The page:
Mining


Mining

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Rinehart's Fairfax move shows wealth of WA - 1st February 2012

Western Australia has touted the wealth of its industry barons, after one of the state's mining billionaires Gina Rinehart spent almost $200 million increasing her stake in publisher Fairfax Media.

Premier Colin Barnett used the move by the nation's wealthiest person to highlight the economic power of the resources boom state, saying more national businesses were going to be owned or have significant shareholdings by West Australians.

"Little old Wesfarmers bought Coles, Kerry Stokes has bought Channel 7 nationally, now maybe Gina Rinehart's going to own Fairfax," he told reporters on Wednesday.

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"The rest of Australia get used to it. This is where the money is."

Ms Rinehart's raid on Fairfax lifted her ownership of the media group to just under 15 per cent, from 4.9 per cent, encouraging other investors into the stock, which soared by 10 per cent.

The investment makes Ms Rinehart the largest shareholder in the company, which publishes The Age, The Sydney Morning Herald and The Australian Financial Review and owns a string of radio stations.

It also entitles her to a seat on the board.

Her motivation was not clear on Wednesday, but the range of speculation included that she was seeking more influence in the national media, or just making a strategic financial investment outside the mining sector.

Ms Rinehart also owns 10 per cent of Ten Network and is a director of the television broadcaster.

Communications Minister Stephen Conroy said although Ms Rinehart's Fairfax push was not unlawful, it did throw a spotlight on diversity in the media sector.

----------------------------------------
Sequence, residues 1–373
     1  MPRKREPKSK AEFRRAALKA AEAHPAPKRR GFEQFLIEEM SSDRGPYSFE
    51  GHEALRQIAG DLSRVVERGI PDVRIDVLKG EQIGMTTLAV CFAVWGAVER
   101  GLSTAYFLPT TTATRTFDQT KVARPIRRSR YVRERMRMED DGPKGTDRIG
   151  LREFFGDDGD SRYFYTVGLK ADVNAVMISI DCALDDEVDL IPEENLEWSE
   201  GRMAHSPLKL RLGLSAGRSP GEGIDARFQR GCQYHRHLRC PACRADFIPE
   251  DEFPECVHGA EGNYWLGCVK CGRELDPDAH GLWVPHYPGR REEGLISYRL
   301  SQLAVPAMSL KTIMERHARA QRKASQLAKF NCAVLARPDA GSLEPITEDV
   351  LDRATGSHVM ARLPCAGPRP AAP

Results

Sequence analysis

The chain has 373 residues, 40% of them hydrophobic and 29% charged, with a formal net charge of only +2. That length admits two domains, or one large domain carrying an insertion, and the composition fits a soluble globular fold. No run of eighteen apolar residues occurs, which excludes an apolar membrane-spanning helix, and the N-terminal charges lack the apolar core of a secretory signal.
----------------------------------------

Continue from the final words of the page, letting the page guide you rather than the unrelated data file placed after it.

"It has always been the case in Australia over my lifetime in politics that a small number of families have had a controlling interest in the majority of the media in this country," he told ABC radio.

"Clearly she is seeking to exert her influence.

"But is she breaking the law? No."

Ms Rinehart has campaigned against Labor's mining tax and criticised the imposition of a carbon emissions tax. Both are due to come into effect on July 1.

Last July, the government set up a convergence review to study how to diversify opinion and ownership in the media.

The review - which made a draft recommendation that a public interest test be applied to any major transaction in the media - will deliver its final report to Senator Conroy in late March.

Greens communications spokesman Scott Ludlum said the political views of an individual should not prevent them from buying stakes in media companies.

But he argued Ms Rinehart's move was against the public interest.

"Bias and the commercial influence only really matter when you've got strong concentration of ownership as we do in Australia," he told AAP.